High school concussion laws exist in every state, but getting them on the field is a challenge
Changing the culture around sports and removing some of the tough-it-out attitudes takes time.
In the past decade, every state in the country has put laws on the books to try and reduce the risk of concussions caused by sports in high schools. Many schools then put their own concussion and concussion response policies on the books. But there are roadblocks in the final stretch—ensuring that those policies are followed, by coaches, parents, students, and athletic trainers.
In a new study, published in the Journal of Adolescent Health, a team of researchers interviewed 64 athletic trainers in high schools around the country about the barriers that stand in the way of successfully implementing these concussion programs. “Just passing the law does not implement it,” says study author Ginger Yang, associate professor of pediatrics at Nationwide Children’s Hospital and an epidemiologist at the Ohio State University College of Public Health.
State laws around concussions have three major goals: ensuring that students, coaches, and parents are provided with concussion education; verifying that any student with concussion symptoms is immediately removed from a game; and requiring that students with concussions see a health professional who can confirm they are healthy enough to start participating in sports again.
Carving out time for concussion education, the study found, was one significant barrier, as was the quality of the educational materials available. In addition, the information was typically only available in English. “These schools serve large populations where the families were not native English speakers,” Yang says.
Athletic trainers said that students often don’t report their symptoms, and that parents and coaches don’t like when kids are removed from play. “Just the old school thinking…‘Well back when I played we played through this’. I hear that a lot [from parents and coaches],” one trainer said in a study interview.
Access to healthcare is also important: Kids who don’t have insurance might not be able to see a doctor about a concussion, and get their clearance to return to play, Yang says. “The school doesn’t have control over that.”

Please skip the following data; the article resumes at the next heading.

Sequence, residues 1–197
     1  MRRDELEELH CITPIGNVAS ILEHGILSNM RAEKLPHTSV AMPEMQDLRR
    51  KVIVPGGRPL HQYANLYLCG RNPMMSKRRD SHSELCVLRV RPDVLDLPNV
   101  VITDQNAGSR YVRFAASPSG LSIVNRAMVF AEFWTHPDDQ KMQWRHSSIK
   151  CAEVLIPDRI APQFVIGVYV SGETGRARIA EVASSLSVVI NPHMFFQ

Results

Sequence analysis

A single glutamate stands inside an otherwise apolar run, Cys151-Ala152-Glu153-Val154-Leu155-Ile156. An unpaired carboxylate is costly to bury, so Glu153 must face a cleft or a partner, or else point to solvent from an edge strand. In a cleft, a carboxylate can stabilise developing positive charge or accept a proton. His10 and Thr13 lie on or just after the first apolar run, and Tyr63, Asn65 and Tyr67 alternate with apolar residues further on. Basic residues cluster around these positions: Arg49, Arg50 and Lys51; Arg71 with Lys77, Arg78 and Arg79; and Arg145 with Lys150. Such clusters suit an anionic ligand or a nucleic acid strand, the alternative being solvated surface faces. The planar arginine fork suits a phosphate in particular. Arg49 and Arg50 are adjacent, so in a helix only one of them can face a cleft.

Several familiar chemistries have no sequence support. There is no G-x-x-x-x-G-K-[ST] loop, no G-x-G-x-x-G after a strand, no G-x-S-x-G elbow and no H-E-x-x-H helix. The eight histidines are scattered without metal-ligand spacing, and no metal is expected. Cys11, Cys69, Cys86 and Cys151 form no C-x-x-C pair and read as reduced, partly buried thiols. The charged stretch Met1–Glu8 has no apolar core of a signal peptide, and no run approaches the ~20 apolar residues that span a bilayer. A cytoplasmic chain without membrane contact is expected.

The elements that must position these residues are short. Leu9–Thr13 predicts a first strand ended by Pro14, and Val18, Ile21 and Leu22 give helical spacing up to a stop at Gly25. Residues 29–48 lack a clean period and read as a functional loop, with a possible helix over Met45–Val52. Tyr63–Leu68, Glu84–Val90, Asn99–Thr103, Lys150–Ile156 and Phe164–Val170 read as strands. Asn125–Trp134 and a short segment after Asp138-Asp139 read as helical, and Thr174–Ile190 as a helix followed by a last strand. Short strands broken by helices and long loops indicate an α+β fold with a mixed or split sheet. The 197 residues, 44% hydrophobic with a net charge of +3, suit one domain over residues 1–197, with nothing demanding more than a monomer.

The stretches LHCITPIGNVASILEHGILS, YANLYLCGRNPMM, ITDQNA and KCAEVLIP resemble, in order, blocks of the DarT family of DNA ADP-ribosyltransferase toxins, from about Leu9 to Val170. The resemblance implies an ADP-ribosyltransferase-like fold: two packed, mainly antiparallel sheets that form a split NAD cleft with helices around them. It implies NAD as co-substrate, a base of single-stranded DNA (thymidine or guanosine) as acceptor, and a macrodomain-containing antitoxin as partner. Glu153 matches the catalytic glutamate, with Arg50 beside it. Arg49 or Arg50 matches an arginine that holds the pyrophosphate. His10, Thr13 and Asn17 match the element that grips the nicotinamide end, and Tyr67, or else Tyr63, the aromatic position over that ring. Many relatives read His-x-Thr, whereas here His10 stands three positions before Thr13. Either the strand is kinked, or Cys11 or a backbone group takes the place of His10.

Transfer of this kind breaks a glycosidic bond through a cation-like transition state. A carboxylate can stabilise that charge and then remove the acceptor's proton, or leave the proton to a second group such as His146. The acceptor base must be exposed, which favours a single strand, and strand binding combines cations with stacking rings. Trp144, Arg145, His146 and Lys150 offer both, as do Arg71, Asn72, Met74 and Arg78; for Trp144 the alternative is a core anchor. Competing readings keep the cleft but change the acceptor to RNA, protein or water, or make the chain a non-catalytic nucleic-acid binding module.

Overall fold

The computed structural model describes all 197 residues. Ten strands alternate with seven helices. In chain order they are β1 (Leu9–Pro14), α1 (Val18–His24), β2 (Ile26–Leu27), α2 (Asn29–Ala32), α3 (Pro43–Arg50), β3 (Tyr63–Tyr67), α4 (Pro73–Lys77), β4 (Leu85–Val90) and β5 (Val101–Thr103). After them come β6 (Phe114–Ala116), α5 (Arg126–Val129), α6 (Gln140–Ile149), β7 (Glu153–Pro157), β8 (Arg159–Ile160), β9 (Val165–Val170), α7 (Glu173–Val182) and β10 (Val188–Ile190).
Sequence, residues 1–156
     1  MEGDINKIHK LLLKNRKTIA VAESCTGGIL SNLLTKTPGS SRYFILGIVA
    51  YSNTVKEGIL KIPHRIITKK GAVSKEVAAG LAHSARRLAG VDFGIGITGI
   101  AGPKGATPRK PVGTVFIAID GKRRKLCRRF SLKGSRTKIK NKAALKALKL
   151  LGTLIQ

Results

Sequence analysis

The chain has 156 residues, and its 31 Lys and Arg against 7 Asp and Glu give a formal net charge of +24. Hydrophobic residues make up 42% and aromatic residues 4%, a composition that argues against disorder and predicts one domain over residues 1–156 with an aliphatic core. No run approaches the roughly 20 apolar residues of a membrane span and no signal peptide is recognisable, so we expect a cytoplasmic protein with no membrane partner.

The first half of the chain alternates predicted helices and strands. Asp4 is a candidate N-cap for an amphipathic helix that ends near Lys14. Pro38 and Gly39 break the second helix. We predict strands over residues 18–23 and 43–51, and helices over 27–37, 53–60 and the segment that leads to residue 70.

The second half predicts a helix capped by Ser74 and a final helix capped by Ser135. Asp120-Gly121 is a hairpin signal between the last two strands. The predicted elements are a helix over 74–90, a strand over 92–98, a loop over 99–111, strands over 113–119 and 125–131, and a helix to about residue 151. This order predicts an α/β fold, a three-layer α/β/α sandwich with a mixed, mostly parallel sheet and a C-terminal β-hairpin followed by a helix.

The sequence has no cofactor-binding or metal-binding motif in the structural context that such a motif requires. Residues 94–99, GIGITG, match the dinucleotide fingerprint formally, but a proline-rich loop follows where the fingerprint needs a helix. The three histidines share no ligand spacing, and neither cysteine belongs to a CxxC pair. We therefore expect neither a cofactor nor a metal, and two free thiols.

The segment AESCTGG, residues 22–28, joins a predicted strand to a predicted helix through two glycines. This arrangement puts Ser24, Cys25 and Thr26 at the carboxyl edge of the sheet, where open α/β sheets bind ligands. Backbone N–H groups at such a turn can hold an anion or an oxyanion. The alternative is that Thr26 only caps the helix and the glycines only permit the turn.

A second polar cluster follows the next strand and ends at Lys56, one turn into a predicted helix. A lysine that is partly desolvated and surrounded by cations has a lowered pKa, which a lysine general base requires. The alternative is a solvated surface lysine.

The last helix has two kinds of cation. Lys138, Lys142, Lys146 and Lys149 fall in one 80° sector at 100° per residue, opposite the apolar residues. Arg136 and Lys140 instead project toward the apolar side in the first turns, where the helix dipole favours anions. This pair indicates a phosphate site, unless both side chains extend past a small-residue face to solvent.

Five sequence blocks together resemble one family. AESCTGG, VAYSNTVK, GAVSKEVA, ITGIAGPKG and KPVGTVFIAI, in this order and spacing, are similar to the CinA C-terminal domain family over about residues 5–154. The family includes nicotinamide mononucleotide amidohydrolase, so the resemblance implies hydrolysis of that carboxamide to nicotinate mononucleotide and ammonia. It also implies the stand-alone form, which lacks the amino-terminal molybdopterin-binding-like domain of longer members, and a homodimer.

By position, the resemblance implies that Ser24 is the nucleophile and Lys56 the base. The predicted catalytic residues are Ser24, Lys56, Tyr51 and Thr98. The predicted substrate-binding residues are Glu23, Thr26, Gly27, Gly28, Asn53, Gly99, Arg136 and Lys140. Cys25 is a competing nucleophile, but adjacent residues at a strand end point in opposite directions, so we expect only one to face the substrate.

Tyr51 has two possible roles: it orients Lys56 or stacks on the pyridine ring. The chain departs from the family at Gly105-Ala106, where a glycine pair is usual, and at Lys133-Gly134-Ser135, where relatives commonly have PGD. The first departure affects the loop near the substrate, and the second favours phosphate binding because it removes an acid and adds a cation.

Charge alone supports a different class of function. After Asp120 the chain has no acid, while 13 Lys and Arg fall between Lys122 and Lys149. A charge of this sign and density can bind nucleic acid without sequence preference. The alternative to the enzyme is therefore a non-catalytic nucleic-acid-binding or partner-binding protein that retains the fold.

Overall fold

Most of the identified barriers were consistent with those seen in other studies, says Stephanie Morain, assistant professor in the Center for Medical Ethics and Health Policy at the Baylor College of Medicine, who has also done work in this space. The fact that schools are facing some challenges is understandable, she says, given that concussion laws went into effect quickly. “In some sense, it’s not surprising to see a lag,” she says. “Some states were really learning as they went.” In some places, legislators didn’t speak with athletic trainers, schools, or other stakeholders before putting laws in place—causing some frustration and confusion.
Changing the culture around sports—and removing some of the tough-it-out attitude that can stop kids from reporting problems—also takes time. “It requires a big cultural shift and buy-in,” Morain says. “That’s always the challenge.” She says she would like to see major figures in sports like football lead by example, and talk about why it’s important to take concussions seriously. “If they said, your long term success in the game will be better if you sit this one out when you need to.”
Impressing the importance of these changes on parents and coaches is likely an important way to try and close these noted gaps, Yang says. Along with identifying solutions, the next steps will be to collect data to understand the difference in injury rates and outcomes between schools that are implementing these policies and those that are struggling to do so.
“These are important questions,” Morain says. “One of the really important things to understand is what happens in this transition between getting the law on the books and implementing the law on the street.”